3. The recent increase in societal impact from tropical cyclones has been largely caused by rising concentrations of population and infrastructure in coastal regions.
4. Tropical cyclone wind-speed monitoring has changed dramatically over the last few decades leading to difficulties in determining accurate trends.
5. There is an observed multi-decadal variability of tropical cyclones in some regions whose causes, whether natural, anthropogenic or a combination, are currently being debated. This variability makes detecting any long-term trends in tropical cyclone activity difficult.
6. It is likely that some increase in tropical cyclone peak wind-speed and rainfall will occur if the climate continues to warm. Model studies and theory project a 3-5% increase in wind-speed per degree Celsius increase of tropical sea surface temperatures.
7. There is an inconsistency between the small changes in wind-speed projected by theory and modeling versus large changes reported by some observational studies.
8. Although recent climate model simulations project a decrease or no change in global tropical cyclone numbers in a warmer climate there is low confidence in this projection. In addition, it is unknown how tropical cyclone tracks or areas of impact will change in the future.
9. Large regional variations exist in methods used to monitor tropical cyclones. Also, most regions have no measurements by instrumented aircraft. These significant limitations will continue to make detection of trends difficult.
10. If the projected rise in sea level due to global warming occurs, then the vulnerability to tropical cyclone storm surge flooding would increase."
The full texts of the summary statement and comprehensive statement should be consulted for more details and context."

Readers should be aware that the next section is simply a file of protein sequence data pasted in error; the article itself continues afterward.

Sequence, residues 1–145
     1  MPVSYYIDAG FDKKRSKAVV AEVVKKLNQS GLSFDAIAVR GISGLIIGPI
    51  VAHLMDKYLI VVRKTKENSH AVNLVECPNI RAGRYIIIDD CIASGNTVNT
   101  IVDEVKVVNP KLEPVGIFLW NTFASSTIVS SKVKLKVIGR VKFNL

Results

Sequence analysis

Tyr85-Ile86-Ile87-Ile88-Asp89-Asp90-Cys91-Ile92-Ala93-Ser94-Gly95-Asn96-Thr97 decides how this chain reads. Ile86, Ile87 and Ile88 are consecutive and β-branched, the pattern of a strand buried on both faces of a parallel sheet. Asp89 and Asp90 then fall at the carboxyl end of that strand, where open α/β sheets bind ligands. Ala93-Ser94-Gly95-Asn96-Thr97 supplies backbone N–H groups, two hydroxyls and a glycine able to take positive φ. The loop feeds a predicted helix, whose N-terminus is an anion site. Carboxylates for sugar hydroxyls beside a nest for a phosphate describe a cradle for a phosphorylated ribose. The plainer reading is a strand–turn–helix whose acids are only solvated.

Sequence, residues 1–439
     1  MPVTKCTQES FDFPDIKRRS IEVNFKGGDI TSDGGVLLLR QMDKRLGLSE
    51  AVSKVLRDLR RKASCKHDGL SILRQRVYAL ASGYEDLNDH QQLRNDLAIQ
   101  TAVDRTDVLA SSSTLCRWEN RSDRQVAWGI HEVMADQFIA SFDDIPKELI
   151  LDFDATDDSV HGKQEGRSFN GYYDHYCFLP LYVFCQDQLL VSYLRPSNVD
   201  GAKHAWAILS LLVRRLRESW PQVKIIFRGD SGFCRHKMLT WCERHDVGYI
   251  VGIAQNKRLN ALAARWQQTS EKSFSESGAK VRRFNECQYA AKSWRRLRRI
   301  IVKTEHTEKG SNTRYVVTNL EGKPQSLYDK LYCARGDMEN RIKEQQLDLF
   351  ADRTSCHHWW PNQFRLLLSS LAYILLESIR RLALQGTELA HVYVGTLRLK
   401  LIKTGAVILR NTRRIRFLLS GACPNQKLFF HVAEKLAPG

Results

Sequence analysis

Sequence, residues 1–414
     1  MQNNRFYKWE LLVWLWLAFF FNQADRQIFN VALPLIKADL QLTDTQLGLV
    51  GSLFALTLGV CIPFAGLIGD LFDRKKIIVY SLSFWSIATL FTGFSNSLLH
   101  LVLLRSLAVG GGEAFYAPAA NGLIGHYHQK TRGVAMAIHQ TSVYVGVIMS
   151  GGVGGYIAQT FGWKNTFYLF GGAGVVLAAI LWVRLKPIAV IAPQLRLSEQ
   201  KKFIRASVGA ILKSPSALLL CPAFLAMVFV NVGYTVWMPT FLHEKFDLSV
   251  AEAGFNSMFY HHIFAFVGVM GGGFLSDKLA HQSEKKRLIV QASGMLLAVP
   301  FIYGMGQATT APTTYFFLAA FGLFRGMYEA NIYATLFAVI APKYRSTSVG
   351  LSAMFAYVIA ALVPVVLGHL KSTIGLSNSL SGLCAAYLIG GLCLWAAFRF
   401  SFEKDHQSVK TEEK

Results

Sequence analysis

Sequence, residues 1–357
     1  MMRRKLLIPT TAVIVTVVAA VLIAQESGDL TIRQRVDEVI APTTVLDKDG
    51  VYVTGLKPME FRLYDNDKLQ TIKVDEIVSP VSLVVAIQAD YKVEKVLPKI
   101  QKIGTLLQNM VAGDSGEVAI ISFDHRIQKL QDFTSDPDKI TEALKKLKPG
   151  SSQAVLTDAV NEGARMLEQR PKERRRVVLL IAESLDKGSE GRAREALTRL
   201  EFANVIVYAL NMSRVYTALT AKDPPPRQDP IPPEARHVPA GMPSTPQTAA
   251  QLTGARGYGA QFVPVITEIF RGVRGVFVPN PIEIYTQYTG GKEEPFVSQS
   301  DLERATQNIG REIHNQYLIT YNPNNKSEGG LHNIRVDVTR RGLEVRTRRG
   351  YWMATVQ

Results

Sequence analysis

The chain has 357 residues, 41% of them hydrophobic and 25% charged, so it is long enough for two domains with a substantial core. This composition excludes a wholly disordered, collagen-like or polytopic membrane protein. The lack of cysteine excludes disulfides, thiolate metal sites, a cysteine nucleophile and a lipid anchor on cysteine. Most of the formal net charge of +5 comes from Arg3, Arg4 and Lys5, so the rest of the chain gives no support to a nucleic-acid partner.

I also feel strongly about the main hurricane problem facing the United States which can be found at http://wind.mit.edu/~emanuel/Hurricane_threat.htm. It is worth noting the scientists who signed the following statement. This statement is just as valid today as when it was written last year.
"Statement on the U.S. Hurricane Problem
July 25th 2006
As the Atlantic hurricane season gets underway, the possible influence of climate change on hurricane activity is receiving renewed attention. While the debate on this issue is of considerable scientific and societal interest and concern, it should in no event detract from the main hurricane problem facing the United States: the ever-growing concentration of population and wealth in vulnerable coastal regions. These demographic trends are setting us up for rapidly increasing human and economic losses from hurricane disasters, especially in this era of heightened activity. Scores of scientists and engineers had warned of the threat to New Orleans long before climate change was seriously considered, and a Katrina-like storm or worse was (and is) inevitable even in a stable climate.
Rapidly escalating hurricane damage in recent decades owes much to government policies that serve to subsidize risk. State regulation of insurance is captive to political pressures that hold down premiums in risky coastal areas at the expense of higher premiums in less risky places. Federal flood insurance programs likewise undercharge property owners in vulnerable areas. Federal disaster policies, while providing obvious humanitarian benefits, also serve to promote risky behavior in the long run.
We are optimistic that continued research will eventually resolve much of the current controversy over the effect of climate change on hurricanes. But the more urgent problem of our lemming-like march to the sea requires immediate and sustained attention. We call upon leaders of government and industry to undertake a comprehensive evaluation of building practices, and insurance, land use, and disaster relief policies that currently serve to promote an ever-increasing vulnerability to hurricanes.
I'm sure this is more from me than you wanted to know. But I want the record to show that no one forced me to say anything on the subject of climate change and tropical cyclones that I didn't believe at the time.